|US7297637||Aug 14, 2002||Nov 20, 2007||Micron Technology, Inc.||Use of pulsed grounding source in a plasma reactor|
|US7682518||Dec 28, 2006||Mar 23, 2010||Applied Materials, Inc.||Process for etching a metal layer suitable for use in photomask fabrication|
|US7786019||Dec 18, 2006||Aug 31, 2010||Applied Materials, Inc.||Multi-step photomask etching with chlorine for uniformity control|
|US7790334||Jan 27, 2005||Sep 7, 2010||Applied Materials, Inc.||Method for photomask plasma etching using a protected mask|
|US7829243||Jan 27, 2005||Nov 9, 2010||Applied Materials, Inc.||Method for plasma etching a chromium layer suitable for photomask fabrication|
|US7879510||Jan 8, 2005||Feb 1, 2011||Applied Materials, Inc.||Method for quartz photomask plasma etching|
|US8293430||Jan 27, 2005||Oct 23, 2012||Applied Materials, Inc.||Method for etching a molybdenum layer suitable for photomask fabrication|
|US20020189544 *||Aug 14, 2002||Dec 19, 2002||Hedberg Chuck E.||Use of pulsed grounding source in a plasma reactor|
|US20020189761 *||Aug 14, 2002||Dec 19, 2002||Hedberg Chuck E.||Use of pulsed grounding source in a plasma reactor|
|US20030168010 *||Apr 7, 2003||Sep 11, 2003||Donohoe Kevin G.||Use of pulsed voltage in a plasma reactor|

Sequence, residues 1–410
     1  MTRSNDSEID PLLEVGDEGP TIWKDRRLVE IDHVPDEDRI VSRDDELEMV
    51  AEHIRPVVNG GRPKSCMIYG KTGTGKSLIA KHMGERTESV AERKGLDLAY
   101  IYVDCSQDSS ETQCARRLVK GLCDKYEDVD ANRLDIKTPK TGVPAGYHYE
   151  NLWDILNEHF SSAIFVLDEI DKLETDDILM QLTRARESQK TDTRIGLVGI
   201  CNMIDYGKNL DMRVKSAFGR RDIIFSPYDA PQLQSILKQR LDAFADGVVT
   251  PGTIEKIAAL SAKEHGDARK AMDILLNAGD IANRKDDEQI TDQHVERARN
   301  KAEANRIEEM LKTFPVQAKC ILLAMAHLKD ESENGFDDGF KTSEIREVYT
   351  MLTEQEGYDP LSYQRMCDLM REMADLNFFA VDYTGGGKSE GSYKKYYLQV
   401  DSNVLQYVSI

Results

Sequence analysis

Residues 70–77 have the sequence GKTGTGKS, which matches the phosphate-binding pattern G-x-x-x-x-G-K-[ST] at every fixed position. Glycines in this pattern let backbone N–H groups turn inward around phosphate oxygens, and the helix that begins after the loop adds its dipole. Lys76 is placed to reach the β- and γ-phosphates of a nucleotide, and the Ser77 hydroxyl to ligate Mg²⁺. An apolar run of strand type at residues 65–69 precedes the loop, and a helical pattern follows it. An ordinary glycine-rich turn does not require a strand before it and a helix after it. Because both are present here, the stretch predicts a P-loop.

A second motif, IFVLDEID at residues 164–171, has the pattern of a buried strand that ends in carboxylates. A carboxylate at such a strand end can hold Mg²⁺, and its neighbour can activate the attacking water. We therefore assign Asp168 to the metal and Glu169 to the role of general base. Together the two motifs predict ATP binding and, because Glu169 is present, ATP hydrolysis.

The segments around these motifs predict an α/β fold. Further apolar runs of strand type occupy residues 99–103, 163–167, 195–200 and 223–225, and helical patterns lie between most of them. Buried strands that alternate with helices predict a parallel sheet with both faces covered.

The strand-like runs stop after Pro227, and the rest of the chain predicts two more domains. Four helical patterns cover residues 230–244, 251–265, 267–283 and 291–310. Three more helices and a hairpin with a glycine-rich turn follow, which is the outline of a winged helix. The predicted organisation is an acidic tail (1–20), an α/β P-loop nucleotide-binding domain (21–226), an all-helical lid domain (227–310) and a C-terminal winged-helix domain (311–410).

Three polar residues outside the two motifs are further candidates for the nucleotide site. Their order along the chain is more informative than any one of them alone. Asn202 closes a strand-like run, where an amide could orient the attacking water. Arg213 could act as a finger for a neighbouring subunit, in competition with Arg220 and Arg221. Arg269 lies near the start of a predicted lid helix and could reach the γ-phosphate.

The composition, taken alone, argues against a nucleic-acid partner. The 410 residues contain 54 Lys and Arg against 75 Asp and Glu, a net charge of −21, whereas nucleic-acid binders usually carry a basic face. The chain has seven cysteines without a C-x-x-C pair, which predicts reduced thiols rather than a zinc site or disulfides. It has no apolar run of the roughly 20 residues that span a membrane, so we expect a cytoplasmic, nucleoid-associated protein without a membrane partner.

|US20030211754 *||Apr 7, 2003||Nov 13, 2003||Donohoe Kevin G.||Methods for use of pulsed voltage in a plasma reactor|
|US20040132311 *||Jan 6, 2003||Jul 8, 2004||Applied Materials, Inc.||Method of etching high-K dielectric materials|
|US20040173570 *||Mar 5, 2003||Sep 9, 2004||Applied Materials, Inc.||Method of etching magnetic and ferroelectric materials using a pulsed bias source|
|US20060154151 *||Jan 8, 2005||Jul 13, 2006||Applied Materials, Inc.||Method for quartz photomask plasma etching|
|US20060166106 *||Jan 27, 2005||Jul 27, 2006||Applied Materials, Inc.||Method for photomask plasma etching using a protected mask|
|US20060166107 *||Jan 27, 2005||Jul 27, 2006||Applied Materials, Inc.||Method for plasma etching a chromium layer suitable for photomask fabrication|
|US20060166108 *||Jan 27, 2005||Jul 27, 2006||Applied Materials, Inc.||Method for etching a molybdenum layer suitable for photomask fabrication|
|US20060194437 *||Apr 18, 2006||Aug 31, 2006||Hedberg Chuck E||Use of pulsed grounding source in a plasma reactor|
|US20070105381 *||Dec 28, 2006||May 10, 2007||Chandrachood Madhavi R||Process for etching a metal layer suitable for use in photomask fabrication|
|US20080142476 *||Dec 18, 2006||Jun 19, 2008||Applied Materials, Inc.||Multi-step photomask etching with chlorine for uniformity control|
|U.S. Classification||216/71, 257/E21.218, 257/E21.252, 438/732|
|International Classification||H05H1/46, H01L21/302, C23F4/00, H01L21/3065, H01L21/311|
|Cooperative Classification||H01L21/3065, H01L21/31116|
|European Classification||H01L21/311B2B, H01L21/3065|
|Sep 21, 1995||AS||Assignment|
Owner name: TOKYO ELECTRON LIMITED, JAPAN
Free format text: ASSIGNMENT OF ASSIGNORS INTEREST;ASSIGNORS:INAZAWA, KOICHIRO;OKAMOTO, SHIN;TAHARA, YOSHIFUMI;REEL/FRAME:007693/0232
Effective date: 19950914
|Jun 14, 2001||FPAY||Fee payment|
Year of fee payment: 4
|Jun 7, 2005||FPAY||Fee payment|
Year of fee payment: 8
|Jun 3, 2009||FPAY||Fee payment|
Year of fee payment: 12